Heilbrunn Timeline of Art History



  • Kneeling statuette of Thutmose III, New Kingdom, Dynasty 18, reign of Thutmose III, ca. 1479–1425 b.c.
    Egyptian
    Bronze; H. 5 3/8 in. (13.6 cm)
    Purchase, Edith Perry Chapman Fund and Malcolm Hewitt Wiener Foundation Inc. Gift, 1995 (1995.21)

    Beautifully poised, this small bronze king offers wine or milk to a god. The fluid, athletic modeling of his body and details of his costume indicate a date in mid–Dynasty 18. In fact, the statuette represents the great king Thutmose III, as is revealed by traces of his prenomen, Menkheperre, on the belt buckle.

    This figure is the earliest known New Kingdom royal bronze statuette and, with a few late Middle Kingdom copper and copper-alloy precursors, it initiates the tradition of bronze statuary in Egypt. It is a "black" bronze, darkened to heighten the luster of its precious-metal inlays. The left eye rim and the nipples retain their original gold inlay. The body of the statuette was solid cast, with separately cast arms (one is missing) fitted onto dowels.

    Kneeling bronze kings are found irregularly among the New Kingdom excavations and then in greater numbers in those of the Third Intermediate and Late Periods. Their appearance is almost certainly associated with the growing emphasis on the public aspects of Egyptian religion. Such figurines are frequently represented on the great processional barks of the gods, expressing the respectful yet dignified role of the king—himself a god—in ensuring the continuing worship of the gods

    Thutmose III is remembered as a great warrior pharaoh. His numerous campaigns in the Levant are recorded in annals that he had inscribed on the walls of the Temple of Amun at Karnak. The son of Thutmose II and his heir, he reigned for almost twenty years with Queen Hatshepsut, who was the dominant ruler. After her death, he ruled for another thirty-four years. The great wealth from his campaigns enabled him to build more than fifty temples in Egypt, Nubia, and Palestine, but he lavished special attention on Karnak, which he completely rebuilt and expanded, including adding a sacred lake.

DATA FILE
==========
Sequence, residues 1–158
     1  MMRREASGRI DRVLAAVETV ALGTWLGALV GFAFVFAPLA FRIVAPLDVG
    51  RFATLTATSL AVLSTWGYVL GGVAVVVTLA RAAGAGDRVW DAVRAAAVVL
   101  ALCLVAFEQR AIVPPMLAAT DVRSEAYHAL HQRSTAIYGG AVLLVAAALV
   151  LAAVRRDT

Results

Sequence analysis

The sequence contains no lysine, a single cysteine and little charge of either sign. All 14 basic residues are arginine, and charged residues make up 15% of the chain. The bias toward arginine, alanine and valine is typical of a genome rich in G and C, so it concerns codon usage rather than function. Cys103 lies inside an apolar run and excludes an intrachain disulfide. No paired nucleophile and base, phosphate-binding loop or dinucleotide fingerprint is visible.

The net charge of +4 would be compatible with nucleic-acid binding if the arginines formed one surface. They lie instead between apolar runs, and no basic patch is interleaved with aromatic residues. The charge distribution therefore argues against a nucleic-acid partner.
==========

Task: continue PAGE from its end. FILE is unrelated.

He was buried in the Valley of the Kings in one of the most beautiful and unique tombs there. His burial chamber is in the shape of a giant cartouche and the walls are decorated to resemble a giant papyrus scroll.

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    On view: Gallery 118
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  • Kneeling statuette of Thutmose III, New Kingdom, Dynasty 18, reign of Thutmose III, ca. 1479–1425 B.C.
    Egyptian
    Bronze; H. 5 3/8 in. (13.6 cm)
    Purchase, Edith Perry Chapman Fund and Malcolm Hewitt Wiener Foundation Inc. Gift, 1995 (1995.21)

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